The UN, calling on it is authority as the voice of all nations, made the forces of the ‘outworlders’ and Solarians agree to a compromise. The UN would be granted full powers over all governments to keep this incident from repeating itself, and outworld representatives would join to even out the balance of power. IN effect, the United Nations became the de facto government over the entire human race. The problem was not fixed, however, and would erupt again within the next generation.
Erupt it had. Humanity had colonized many different star systems by this point, each of them virtually independent of any control from Earth. This made the first three systems, Hardrag, Falcon and Aleph jealous, still having, in their minds at least, Earth’s boot on their necks. They rebelled again, and it spiraled throughout the human-controlled part of the inhabited galaxy. UN authority collapsed and Venus, the de facto capital of the UN’s tacit space empire, was repeatedly raided and even nuked, reducing the world to a barren waste reminiscent of it’s pre-terraforming conditions. The surviving Venusians were forced to live in sheltered bio-domes to survive the now death-world-like climate and heavy radioactivity. However, the Solarians, along with outbound allies afraid of being gobbled of by the first three colonies, delivered hard knocks of their own; heavy enough to shatter Aleph’s economy and turn Falcon and Hardrag into third-rate powers at best.
A solution was needed. And quickly. The outbound colonies, led by the long-eclipsed Earth, who both were the true winners of the second incarnation of the Aleph Incident, formed the Confederated Nations of Mankind. The Confederacy as it was called was at the time a godsend. It was ruled by a senate with one representative per system and thusly made all systems equal. Once the Confederacy grew into a sprawling semi-empire controlling half the inhabited galaxy, this drove the Confed-erate government to an absolute standstill, but that was many years off. For now, all the powers could concentrate on what they now believed was man’s ‘manifest destiny’. To conquer the stars completely, to render the galaxy into a permanent home for mankind. The strain on the gove-rnment would have been amazing, but as many other times throughout history, people were more concerned with the immediate and refused to look ahead. Like if they were not alone.
The Shcasi’Rique surely would have objected strenuously with mankind’s intentions to dominate the galaxy. Indeed they did. Many years later, when they shared a long mutual border and there was nowhere to go except through each other. Their first contact however was simply two probes taking pictures of each other while passing by.
The reactions from both sides was excitement, exhilaration, and of course, fear. What were these newcomers like? What were their ways like? Were they peaceful, or did they come in aggression? They were all good questions for both sides, and eventually two exploring patrols brushed by, making the first true contact between man and alien.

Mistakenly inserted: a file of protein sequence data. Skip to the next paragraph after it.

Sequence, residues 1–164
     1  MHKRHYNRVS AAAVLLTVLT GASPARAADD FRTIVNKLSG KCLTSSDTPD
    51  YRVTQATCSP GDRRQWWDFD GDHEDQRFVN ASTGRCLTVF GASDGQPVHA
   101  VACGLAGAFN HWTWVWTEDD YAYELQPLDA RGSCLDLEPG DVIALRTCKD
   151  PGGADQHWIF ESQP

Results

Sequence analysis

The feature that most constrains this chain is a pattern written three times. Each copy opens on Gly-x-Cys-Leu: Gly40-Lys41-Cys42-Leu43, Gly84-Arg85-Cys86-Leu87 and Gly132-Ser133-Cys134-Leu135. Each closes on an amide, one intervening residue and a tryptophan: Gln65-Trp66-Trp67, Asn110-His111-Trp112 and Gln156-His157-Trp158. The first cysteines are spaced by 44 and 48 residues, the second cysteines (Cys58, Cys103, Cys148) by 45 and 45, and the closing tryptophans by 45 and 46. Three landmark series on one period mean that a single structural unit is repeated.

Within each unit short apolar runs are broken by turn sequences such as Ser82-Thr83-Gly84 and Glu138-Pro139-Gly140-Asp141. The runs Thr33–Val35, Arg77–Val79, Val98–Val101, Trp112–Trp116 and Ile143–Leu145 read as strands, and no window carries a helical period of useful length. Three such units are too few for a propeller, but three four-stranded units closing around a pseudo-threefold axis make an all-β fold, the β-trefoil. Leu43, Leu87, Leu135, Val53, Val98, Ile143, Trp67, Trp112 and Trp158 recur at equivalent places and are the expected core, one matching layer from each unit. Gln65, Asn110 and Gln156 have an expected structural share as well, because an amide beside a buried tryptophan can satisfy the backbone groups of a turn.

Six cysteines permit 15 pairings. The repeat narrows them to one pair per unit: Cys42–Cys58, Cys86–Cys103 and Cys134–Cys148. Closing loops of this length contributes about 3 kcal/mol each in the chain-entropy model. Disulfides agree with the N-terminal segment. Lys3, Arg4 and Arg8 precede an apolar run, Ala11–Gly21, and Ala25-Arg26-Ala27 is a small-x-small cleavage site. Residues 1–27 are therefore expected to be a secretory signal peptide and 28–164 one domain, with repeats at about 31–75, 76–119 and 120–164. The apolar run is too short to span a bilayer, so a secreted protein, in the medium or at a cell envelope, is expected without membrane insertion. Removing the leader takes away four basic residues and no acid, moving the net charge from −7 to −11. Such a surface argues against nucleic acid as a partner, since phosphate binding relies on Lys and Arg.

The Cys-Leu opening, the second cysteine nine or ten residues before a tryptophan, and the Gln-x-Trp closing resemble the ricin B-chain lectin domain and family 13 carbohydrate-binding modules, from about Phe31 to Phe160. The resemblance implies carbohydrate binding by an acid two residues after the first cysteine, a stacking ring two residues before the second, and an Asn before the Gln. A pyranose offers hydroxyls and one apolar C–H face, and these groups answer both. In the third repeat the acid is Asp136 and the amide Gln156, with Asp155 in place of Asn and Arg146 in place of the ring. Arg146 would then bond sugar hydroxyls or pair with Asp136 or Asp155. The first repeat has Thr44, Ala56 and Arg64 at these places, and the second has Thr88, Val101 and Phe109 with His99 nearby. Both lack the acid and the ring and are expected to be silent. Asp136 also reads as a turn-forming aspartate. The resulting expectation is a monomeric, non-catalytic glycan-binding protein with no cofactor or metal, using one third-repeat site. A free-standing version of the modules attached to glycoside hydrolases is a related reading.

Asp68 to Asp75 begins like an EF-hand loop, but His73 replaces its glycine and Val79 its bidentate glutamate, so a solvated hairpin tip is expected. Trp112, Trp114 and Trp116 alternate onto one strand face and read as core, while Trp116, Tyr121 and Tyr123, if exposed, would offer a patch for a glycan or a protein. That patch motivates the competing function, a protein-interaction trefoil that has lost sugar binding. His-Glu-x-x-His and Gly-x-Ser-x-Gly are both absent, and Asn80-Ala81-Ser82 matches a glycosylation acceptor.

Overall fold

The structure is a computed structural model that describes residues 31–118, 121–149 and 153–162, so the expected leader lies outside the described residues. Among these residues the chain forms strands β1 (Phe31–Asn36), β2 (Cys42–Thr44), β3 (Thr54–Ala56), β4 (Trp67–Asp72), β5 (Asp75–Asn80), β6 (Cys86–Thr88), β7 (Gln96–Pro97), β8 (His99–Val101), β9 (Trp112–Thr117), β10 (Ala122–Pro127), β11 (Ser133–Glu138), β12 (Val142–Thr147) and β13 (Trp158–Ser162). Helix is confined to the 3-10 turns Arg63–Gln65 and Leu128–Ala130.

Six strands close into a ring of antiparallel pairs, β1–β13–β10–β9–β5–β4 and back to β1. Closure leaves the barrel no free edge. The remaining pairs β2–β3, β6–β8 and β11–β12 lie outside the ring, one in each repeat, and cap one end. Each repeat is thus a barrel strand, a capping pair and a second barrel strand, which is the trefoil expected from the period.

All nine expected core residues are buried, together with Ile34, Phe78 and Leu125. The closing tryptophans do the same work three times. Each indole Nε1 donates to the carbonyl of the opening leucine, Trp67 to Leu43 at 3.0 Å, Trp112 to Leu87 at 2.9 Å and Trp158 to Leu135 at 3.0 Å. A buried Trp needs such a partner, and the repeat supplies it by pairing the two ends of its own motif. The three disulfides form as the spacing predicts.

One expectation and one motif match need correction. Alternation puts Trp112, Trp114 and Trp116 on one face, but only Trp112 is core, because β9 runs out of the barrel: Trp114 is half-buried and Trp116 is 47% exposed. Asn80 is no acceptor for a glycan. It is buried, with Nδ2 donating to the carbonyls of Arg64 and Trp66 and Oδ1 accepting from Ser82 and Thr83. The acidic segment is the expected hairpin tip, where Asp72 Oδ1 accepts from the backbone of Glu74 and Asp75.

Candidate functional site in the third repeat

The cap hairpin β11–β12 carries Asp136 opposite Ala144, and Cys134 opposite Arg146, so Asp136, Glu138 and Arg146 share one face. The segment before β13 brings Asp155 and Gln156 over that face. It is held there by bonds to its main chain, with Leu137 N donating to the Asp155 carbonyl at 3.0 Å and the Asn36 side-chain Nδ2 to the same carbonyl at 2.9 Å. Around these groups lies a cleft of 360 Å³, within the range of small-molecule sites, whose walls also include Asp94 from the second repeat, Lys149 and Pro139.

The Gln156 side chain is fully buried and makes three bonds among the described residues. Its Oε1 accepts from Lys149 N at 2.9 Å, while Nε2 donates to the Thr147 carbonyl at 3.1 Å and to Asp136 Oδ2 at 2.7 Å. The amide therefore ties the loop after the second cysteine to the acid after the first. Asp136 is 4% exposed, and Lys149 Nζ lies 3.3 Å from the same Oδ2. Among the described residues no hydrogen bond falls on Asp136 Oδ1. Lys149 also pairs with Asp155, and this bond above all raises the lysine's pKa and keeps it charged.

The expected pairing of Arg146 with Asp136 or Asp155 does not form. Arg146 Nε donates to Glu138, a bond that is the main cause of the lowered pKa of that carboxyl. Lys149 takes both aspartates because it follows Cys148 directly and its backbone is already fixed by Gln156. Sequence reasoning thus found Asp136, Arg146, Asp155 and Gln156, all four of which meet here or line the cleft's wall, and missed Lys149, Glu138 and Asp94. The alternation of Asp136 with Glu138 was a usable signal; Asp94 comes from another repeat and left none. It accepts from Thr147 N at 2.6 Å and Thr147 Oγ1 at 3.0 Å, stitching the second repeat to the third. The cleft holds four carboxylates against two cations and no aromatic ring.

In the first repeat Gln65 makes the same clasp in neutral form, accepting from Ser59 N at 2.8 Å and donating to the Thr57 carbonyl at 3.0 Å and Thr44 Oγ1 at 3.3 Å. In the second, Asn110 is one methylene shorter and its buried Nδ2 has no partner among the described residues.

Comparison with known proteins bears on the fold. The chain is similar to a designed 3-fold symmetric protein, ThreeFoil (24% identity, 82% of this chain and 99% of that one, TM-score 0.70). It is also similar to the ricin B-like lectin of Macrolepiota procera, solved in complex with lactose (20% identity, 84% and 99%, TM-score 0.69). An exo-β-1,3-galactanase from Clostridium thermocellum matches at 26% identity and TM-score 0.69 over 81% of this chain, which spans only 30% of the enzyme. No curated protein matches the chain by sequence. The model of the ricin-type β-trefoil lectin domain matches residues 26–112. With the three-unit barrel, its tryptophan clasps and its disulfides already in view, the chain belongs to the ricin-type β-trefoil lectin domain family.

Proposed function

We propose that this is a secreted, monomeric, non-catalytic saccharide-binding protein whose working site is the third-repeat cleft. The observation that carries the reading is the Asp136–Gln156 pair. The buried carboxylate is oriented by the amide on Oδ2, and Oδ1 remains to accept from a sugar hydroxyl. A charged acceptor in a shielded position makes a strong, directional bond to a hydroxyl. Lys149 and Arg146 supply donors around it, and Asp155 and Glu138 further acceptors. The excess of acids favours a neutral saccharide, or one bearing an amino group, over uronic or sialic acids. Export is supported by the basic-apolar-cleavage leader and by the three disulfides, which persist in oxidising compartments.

The humans were impressed by what they saw. They saw what looked to them to be graceful, bipedal reptilians that were barely short of three meters high. They moved with practiced ease, looking to those grizzled explorers as if they were stuck permanently in a dance. Their heads were shaped like those of a reptile, with a somewhat thin snout with two curved ivory fangs hanging out for adults and males having a spine going from the top of the head down along the spine to the tail. Their dress was very simple; just a pair of pants, color-coded, of course, made of a material similar but completely different from cotton. Their technology had much of the same qualities of grace and reptilian dangerousness.
By contrast, the Shcasi’Rique were bewildered by these stumpy humans. The gravity of their world must have been great for them to wind up so small. Their biology was odd, too. Bipedal mammals? And what was that filament-like material on their heads? Truth to tell, the Shcasi’Rique were a little frightened by these outgoing and curious newcomers. They were also torn on their opinion of the human’s methods of building a ship. On one uli, the thing was hideous. On the other, there was a brutal simplicity and uncompromising angularity of the ensemble that had some appeal to the more artistic among the Shcasi’Rique.
Many years passed, with virtually no more contact between the two, but both were concerned with what would happen when they shared a border. It could mean a productive relationship between twin powers, a mutual understanding that would enrich both. Or it could mean war on a scale to make the gods weep. It could only be a matter of time. To make things worse, they already all but shared a border in the eastern half the inhabited galaxy; specifically, a small province that in time will become known as an equally small nation called ‘Ruedalia’. Utterly non-descript except for being the birth-place for a secret to rattle all the inhabited galaxy; a secret that would cost millions their lives. But as most secrets are wont to do, little know of it anymore.
By the 2800’s, the inhabited galaxy had changed. Roughly a little over half the inhabited galaxy had fallen to human control. The Confederate government, virtually unchanged since the days of when humanity inhabited only a corner of the inhabited galaxy far away from others, was a bloated, monstrous thing, divided between all manner of special interests groups. Most favored war with the Shcasi’Rique for a very simple reason. The aliens had access to vast amounts of resources, especially heavy metal-rich worlds that made ship-building practical.
It did not take long for relations between the Shcasi’Rique and Confederacy to deteriorate. There was far too many fundamental differences between the two races, far too much greed, for them to peacefully coexist. It was a matter of seeing who would fire the first shot.
THE WAR OF KNIVES
As it turned out, it was the Shcasi’Rique. They were solidifying their border territories, readying for anything from the humans and their avaricious, bureaucratic leaders. They were growing more and more paranoid as time went on and no sign of the humans presented itself. Soon enough, they got what they were waiting for.